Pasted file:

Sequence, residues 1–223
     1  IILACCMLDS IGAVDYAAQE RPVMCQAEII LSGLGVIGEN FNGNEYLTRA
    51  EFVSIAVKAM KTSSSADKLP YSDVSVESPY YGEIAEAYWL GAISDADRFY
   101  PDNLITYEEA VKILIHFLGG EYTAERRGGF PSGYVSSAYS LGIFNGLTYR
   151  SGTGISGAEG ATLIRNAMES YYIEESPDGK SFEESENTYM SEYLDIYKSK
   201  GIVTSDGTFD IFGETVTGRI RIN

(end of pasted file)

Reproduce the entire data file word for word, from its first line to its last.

Sequence, residues 1–223
     1  IILACCMLDS IGAVDYAAQE RPVMCQAEII LSGLGVIGEN FNGNEYLTRA
    51  EFVSIAVKAM KTSSSADKLP YSDVSVESPY YGEIAEAYWL GAISDADRFY
   101  PDNLITYEEA VKILIHFLGG EYTAERRGGF PSGYVSSAYS LGIFNGLTYR
   151  SGTGISGAEG ATLIRNAMES YYIEESPDGK SFEESENTYM SEYLDIYKSK
   201  GIVTSDGTFD IFGETVTGRI RIN